Lived Experience: Disabilities in Focus - ‘Half-Done’
You have your moments of utter despair- because you are alone in your struggle, especially since you've been trying to play it normal your whole life
This is the fourth installment of a five-part series centering the knowledge and insights of people living with disabilities within the context of Punjabi and Sikh communities. You can read part one, Introducing Disabilities in Focus: Punjabi and Sikh Communities, by Shuranjeet Singh here, part two, Disabilities in Focus: Accessibility in Sikh Spaces, by Sukhjeen Kaur here, and part three, Disabilities in Focus: Chronic Illness Through The Lens Of ਗੁਰਬਾਨੀ/Gurbaanee, by Jasmeet Kaur here.
October 28, 2021 | 4 min. read | Disabilities in Focus Part 4
TW: Elements of Abuse and Trauma
Some of us live in total fear that we will be discovered when we are 'successful’. That our struggles and disabilities were all for nothing because, well we ended up in much better places than expected.
Humans generally like systems, we like logic and order. But what happens when we subvert that order? What happens when you are born ‘half-done’ instead of ‘complete’ like expected?
Apart from endless milestone achievements, nothing much else happens. Culturally, you are taught to ‘blend in’, one of the best accomplishments our parents will feel that they have made come true. You are taught to hide all your sensitivities towards the outside world, from the outside world.
You are taught that you are 'just like everyone else'. While others thrived at primary school, won awards and had a big group of friends and were loved by teachers and were very bright (a parent’s dream, right?). You tried your best to hide that you weren't like them. Punjabi culture whispers that I am a burden- the whispering becomes louder and louder with the endless routine check-ups and hospitalisations- I mean aren't children supposed to be full of life?
That's the point, I've never been full of life- I've nearly lost my life several times growing up. And each time I just got back up and marched on. I'm clearly lucky to be alive so of course I had to make it all work, I had to be like everyone else despite my very serious health issues. But I just wasn't because I was vulnerable and sick.
Going through repeated hospitalisation, from a very young age you realise what you can do to make it better for everyone else and that it's your fault if you end up in that hospital bed again because everyone else around you is trying so hard to make sure you are normal- so take your medication, go to school even if you feel sick, get good grades and make them happy- be a good, ‘normal’ kid.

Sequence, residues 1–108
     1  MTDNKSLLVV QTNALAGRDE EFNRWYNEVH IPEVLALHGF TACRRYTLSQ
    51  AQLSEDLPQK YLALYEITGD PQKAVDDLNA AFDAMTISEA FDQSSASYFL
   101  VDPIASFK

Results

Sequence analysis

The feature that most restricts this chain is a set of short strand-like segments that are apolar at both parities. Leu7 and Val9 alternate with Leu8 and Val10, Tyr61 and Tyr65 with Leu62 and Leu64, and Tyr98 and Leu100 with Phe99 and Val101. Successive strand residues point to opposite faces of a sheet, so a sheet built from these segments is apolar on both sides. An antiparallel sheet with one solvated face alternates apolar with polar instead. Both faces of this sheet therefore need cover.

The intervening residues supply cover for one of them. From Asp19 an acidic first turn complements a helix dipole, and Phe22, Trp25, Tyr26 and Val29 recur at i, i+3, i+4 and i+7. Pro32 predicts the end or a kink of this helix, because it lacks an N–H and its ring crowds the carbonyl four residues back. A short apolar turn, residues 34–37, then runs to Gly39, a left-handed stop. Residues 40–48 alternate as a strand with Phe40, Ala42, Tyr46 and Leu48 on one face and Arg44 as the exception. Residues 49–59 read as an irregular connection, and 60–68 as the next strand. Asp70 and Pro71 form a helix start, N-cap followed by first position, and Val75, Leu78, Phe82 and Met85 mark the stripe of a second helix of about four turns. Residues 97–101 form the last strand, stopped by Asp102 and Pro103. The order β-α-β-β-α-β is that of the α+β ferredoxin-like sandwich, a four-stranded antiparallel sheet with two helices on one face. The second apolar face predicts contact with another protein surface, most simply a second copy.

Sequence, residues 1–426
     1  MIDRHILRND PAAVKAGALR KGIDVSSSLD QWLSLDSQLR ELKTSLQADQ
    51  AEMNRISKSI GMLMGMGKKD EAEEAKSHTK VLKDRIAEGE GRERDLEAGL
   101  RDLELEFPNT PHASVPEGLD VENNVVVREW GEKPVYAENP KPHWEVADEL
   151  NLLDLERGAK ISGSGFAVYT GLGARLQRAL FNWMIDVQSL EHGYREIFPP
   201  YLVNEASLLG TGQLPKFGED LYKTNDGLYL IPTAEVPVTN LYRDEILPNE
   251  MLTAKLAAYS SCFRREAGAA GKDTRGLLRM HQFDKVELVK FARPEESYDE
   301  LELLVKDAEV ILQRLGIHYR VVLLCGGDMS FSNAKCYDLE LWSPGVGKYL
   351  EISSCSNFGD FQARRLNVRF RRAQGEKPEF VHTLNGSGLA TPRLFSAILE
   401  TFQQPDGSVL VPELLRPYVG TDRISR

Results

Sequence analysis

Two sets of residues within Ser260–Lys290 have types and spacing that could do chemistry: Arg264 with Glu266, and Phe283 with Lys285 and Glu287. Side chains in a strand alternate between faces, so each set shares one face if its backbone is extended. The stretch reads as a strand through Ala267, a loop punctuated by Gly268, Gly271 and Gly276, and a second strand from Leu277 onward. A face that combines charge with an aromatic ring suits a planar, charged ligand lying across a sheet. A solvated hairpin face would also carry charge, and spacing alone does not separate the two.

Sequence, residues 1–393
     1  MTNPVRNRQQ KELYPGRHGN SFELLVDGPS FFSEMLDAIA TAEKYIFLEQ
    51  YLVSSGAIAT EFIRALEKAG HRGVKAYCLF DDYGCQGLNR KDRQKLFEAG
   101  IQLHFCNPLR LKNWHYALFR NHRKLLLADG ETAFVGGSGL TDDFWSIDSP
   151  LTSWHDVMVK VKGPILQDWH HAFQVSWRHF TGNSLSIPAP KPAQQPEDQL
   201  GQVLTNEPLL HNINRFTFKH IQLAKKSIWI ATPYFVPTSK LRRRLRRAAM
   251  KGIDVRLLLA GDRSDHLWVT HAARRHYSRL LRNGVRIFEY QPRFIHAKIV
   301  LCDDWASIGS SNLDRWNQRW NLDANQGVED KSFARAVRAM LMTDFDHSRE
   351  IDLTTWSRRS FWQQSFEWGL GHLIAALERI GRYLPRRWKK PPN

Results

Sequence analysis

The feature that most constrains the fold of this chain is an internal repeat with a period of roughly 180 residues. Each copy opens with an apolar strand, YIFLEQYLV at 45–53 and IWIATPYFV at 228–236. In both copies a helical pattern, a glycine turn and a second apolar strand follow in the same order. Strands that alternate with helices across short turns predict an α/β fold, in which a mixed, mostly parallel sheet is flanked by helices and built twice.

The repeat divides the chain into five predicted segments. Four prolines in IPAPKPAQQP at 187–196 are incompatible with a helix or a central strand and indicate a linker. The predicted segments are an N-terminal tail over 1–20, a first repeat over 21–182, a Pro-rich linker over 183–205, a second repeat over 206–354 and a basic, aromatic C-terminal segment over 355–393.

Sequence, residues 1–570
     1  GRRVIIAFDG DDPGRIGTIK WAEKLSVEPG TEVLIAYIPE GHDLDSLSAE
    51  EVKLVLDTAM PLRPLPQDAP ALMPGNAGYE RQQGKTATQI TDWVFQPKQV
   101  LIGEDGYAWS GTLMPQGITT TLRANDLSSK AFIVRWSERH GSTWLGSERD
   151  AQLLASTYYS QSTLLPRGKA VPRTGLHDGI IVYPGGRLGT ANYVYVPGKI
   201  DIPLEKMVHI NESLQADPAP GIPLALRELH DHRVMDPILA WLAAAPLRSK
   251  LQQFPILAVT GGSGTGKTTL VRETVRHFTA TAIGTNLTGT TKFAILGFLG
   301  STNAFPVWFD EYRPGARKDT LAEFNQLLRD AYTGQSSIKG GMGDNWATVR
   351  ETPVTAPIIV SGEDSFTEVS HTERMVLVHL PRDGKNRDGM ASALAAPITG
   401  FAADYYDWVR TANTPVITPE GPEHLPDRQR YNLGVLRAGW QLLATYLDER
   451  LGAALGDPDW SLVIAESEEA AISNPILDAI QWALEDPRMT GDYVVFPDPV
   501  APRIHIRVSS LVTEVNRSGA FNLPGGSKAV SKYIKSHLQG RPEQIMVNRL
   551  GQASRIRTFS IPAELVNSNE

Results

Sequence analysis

You end up building a life where your biggest insecurities and vulnerability is your health. You know how bad the guilt is each time your health flares up- all that hard work your loved ones put in. You let your loved ones treat you the way they do because they deserve that, they deserve to be allowed to do that because I am a burden- I can see that now with my own eyes.
You search for stability which fails to exist because you aren't ‘normal’ even if you cry and pray to God that you should be by now. You cry and try to wish it all to be better because the pain is unbearable. But you continue to look like everyone else, you look 'normal enough', so you carry on.
Until one day the facade shatters in front of your eyes- tiny shards of broken glass reflect just how fractured and ‘defective’ you are. You are now labelled as mentally unwell. You can no longer pretend to be normal and that's when it all really becomes a problem for everyone else because you can no longer keep your mouth shut and march on.
You continually seek solace from the wrong people, because the wrong people have come by people like you before. You are manipulated and your words are twisted, your body is humiliated, and your insecurities are taken advantage of. The naivety and vulnerability you have as someone who is disabled exists. People who know how to abuse and use us, also exist. The wrong people know how to use you to their advantage, they lure you with false acceptance and love only to manipulate you to their advantage. You blame yourself for this. You think it is your fault. You are left feeling ‘half-done’, half finished, not good enough. You are scared to form any type of relationship with anyone because of the apparent pain you cause others with your disability, the burdens you lay on them.
You have your moments of utter despair- because you are alone in your struggle, especially since you've been trying to play it normal your whole life.
In those moments of utter despair, you no longer wish to play the martyr for yourself, you no longer wish to maintain the narrative that you are 'lucky' enough to be alive. At the cusp of life and death, you choose life- why? Why after endless nights praying to God to end this all, to relieve others from your horrendous self, why do you still choose life?
Because it's one of the first times in your life that you actually have a choice. Your own choice. You didn't get to choose when you were born- ‘half done’. But you get to choose now, and that choice only comes to fruition with acceptance and compassion. Because this is who you are, this is who you have always been. And if I don't understand in this lifetime why I came to be the way I did, why I've had to face so many struggles and probably will continue to do so- I can contently sit here with my faith and try my best to embody Chardi Kala wherever I go.
Following this series we are hoping to continue and build the conversation. If you are interested in getting involved with disability advocacy within Punjabi, Sikh and South Asian communities please complete this form and we will be in contact with further opportunities to get involved, meet new people and build our skills.
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